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Punjab Farmers are Producing Bio-Enzymes From Kinnow? Know how!

Around a 100 farmers in Punjab, specially in the kinnow belt, have started making BEs from this waste fruit — peel and ‘D’ grade, very small kinnows.

Ayushi Raina
Punjabi Farmer producing bio enzymes from Kinnow
Punjabi Farmer producing bio enzymes from Kinnow

The Kinnow Season has begun in Punjab. However, a lot of these fruit fall to the ground, which farmers regard as a complete waste. However, this falling fruit has the potential to benefit soil, water, air, depleting ground water, water pollution, and general ecosystem.

Not only does it enhance plant health, but it also helps to reduce the indiscriminate use of chemical sprays of fungicides and bacterial diseases on crops, particularly vegetables, tuber crops like potatoes, and cereals. Farmers may pick these fallen fruits from their kinnow fields and use them to make low-cost bio-enzymes (BEs).

Around a 100 farmers in Punjab, particularly in the kinnow region, have begun producing BEs from this waste fruit — peel and 'D' grade, extremely little kinnows.

What are bio-enzymes?

Bio-enzymes are organic solutions created by fermenting organic waste such as different fruits, vegetable peels, and flowers with sugar, jaggery/molasses, and water. Organic waste takes 60-100 days to ferment. Yeast can be employed as a culture to accelerate fermentation and prepare it in 45-50 days. BEs is widely used in our daily life.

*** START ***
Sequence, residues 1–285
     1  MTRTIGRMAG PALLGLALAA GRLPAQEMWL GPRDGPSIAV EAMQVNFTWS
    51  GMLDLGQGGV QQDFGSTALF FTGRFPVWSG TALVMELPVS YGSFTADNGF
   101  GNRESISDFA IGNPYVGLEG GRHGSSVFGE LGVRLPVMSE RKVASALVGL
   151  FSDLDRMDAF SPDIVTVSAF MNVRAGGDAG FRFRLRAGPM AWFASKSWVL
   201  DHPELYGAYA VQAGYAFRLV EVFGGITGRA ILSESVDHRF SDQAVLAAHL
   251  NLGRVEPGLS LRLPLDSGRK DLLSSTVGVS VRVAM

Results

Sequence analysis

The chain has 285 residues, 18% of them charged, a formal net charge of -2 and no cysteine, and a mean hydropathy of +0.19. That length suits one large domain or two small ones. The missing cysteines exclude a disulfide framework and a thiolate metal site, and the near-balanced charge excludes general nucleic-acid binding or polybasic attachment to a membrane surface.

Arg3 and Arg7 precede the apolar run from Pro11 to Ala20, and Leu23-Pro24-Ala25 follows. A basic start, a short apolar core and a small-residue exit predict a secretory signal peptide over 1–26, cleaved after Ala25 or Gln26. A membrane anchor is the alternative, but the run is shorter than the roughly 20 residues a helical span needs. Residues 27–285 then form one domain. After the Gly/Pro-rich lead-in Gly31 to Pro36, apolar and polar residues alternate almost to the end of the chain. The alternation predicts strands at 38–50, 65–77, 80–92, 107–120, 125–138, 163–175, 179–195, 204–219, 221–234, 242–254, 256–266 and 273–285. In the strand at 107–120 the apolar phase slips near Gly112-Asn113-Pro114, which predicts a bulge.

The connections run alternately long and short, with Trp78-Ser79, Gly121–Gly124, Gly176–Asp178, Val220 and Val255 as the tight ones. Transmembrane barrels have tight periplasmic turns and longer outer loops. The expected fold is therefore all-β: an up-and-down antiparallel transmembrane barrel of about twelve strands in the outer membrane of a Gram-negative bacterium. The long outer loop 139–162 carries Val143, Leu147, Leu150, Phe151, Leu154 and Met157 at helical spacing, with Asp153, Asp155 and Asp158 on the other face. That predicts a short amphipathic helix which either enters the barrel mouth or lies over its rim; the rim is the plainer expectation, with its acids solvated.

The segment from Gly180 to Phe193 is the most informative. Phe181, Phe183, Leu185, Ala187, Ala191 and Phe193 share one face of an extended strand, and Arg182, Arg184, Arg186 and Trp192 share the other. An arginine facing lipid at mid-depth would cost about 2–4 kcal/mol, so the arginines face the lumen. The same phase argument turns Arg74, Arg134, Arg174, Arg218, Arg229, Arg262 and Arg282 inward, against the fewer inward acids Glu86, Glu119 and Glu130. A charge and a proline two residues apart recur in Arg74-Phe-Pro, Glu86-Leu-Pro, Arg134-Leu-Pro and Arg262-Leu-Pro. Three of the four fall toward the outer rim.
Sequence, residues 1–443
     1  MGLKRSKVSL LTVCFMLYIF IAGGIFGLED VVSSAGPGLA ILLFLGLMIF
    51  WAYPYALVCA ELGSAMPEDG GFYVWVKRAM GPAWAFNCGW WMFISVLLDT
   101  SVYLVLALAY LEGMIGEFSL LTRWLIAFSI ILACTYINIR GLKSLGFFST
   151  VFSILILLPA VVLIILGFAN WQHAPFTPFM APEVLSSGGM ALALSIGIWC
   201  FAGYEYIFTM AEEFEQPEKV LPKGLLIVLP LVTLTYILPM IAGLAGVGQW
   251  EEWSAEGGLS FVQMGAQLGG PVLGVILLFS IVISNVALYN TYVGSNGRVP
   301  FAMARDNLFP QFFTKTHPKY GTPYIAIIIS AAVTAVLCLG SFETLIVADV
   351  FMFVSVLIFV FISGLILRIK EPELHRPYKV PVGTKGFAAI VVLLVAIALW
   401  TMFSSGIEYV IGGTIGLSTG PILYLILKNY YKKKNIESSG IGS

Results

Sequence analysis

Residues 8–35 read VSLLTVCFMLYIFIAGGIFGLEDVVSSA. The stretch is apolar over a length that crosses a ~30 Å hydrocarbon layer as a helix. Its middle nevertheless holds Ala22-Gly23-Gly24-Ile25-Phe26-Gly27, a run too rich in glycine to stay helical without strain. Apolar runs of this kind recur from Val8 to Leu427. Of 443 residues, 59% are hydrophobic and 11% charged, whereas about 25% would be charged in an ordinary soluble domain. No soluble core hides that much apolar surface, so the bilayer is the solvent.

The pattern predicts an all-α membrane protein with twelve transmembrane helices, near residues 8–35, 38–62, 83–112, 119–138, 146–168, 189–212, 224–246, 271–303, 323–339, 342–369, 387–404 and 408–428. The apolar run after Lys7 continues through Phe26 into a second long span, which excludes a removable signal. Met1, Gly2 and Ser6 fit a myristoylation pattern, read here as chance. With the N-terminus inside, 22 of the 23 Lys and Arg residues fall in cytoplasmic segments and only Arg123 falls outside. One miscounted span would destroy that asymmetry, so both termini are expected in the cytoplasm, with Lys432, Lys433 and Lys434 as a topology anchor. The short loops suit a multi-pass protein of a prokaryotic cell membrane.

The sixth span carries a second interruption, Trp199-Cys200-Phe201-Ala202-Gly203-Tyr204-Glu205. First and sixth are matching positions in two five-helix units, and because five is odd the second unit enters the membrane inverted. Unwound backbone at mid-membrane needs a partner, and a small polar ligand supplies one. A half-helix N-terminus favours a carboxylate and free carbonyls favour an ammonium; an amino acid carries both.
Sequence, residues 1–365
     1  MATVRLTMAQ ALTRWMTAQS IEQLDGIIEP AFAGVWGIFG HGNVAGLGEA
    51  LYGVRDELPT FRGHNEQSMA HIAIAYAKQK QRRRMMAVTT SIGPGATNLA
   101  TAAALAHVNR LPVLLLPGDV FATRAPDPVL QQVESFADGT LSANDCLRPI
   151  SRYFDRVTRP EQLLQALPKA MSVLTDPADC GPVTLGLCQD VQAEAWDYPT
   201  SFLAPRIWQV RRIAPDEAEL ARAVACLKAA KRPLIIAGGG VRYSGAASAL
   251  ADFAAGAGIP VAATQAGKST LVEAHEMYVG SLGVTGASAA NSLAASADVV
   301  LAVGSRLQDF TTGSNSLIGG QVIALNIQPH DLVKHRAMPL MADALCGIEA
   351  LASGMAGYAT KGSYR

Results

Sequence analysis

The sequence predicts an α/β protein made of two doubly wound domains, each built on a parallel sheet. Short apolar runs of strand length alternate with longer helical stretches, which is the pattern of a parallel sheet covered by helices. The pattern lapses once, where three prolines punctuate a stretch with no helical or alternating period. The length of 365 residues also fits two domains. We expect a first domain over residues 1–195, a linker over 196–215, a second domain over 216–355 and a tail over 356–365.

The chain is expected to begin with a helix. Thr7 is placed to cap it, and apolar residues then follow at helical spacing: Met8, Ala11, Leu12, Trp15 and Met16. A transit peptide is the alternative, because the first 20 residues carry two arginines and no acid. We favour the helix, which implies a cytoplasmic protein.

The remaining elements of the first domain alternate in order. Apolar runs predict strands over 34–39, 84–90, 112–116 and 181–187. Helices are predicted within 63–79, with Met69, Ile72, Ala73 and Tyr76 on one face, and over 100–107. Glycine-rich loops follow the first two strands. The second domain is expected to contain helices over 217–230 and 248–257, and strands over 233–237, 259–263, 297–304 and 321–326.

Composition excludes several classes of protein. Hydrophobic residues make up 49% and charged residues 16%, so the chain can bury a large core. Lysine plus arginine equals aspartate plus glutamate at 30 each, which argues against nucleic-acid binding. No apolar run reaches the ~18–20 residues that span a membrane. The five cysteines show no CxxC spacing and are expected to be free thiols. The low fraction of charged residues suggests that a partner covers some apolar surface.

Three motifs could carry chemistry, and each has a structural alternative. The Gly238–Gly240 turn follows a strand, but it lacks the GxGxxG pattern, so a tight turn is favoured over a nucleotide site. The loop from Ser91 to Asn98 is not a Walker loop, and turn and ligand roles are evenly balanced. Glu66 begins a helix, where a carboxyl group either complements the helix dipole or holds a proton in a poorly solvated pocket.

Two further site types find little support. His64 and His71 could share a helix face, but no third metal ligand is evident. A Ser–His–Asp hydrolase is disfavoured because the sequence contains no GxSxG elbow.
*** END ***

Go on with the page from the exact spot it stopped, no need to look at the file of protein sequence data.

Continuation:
Area under fruit crop in Punjab

In Punjab, around 94,000 hectares are under diverse fruit crops, including approximately 40,000 hectares (one lakh acres) under kinnow orchards in Hoshiarpur, Abohar, Fazilka, Mukatsar, and Bathinda. On average, 25-30 tonnes of kinnow are produced per acre, and the state's total production is close to 10-11 lakh tons.

Kinnow is a year-round crop, with the primary harvesting season running from late November to early March, however certain citrus fruit types begin arriving in markets as early as October.

According to horticulture department specialists, about 15-20% (1.5 lakh to 2 lakh tonnes) of total kinnow output falls off the tree before and during harvesting. According to experts, falling fruit is a big issue for kinnow growers in the state since it requires digging out small pits to bury it; otherwise, the fallen fruit rots and invites a fly attack on the good fruit that is still on the trees.

However, some farmers are already utilising waste kinnow to enhance the pH level and soil fertility of their land by producing BEs from it.

BE preparation formula

Farmer Paramjit Singh stated that he purchased 40 plastic drums of 500 litres (a one-time investment) and filled each with 99 kg kinnow, 33 kg jaggery, and 330 litres of water before tightening the lid, which must be loosened for a few seconds every day for 30 days to release the gas produced by the fermentation process. After 30 days, the lid is opened in the same manner every two days for two weeks, and the drum is kept airtight and occasionally opened. 

In three and a half months, the bio-enzymes will be ready.

"We can use it for a whole year as a spray on vegetables and mixed with field irrigation," he continued.

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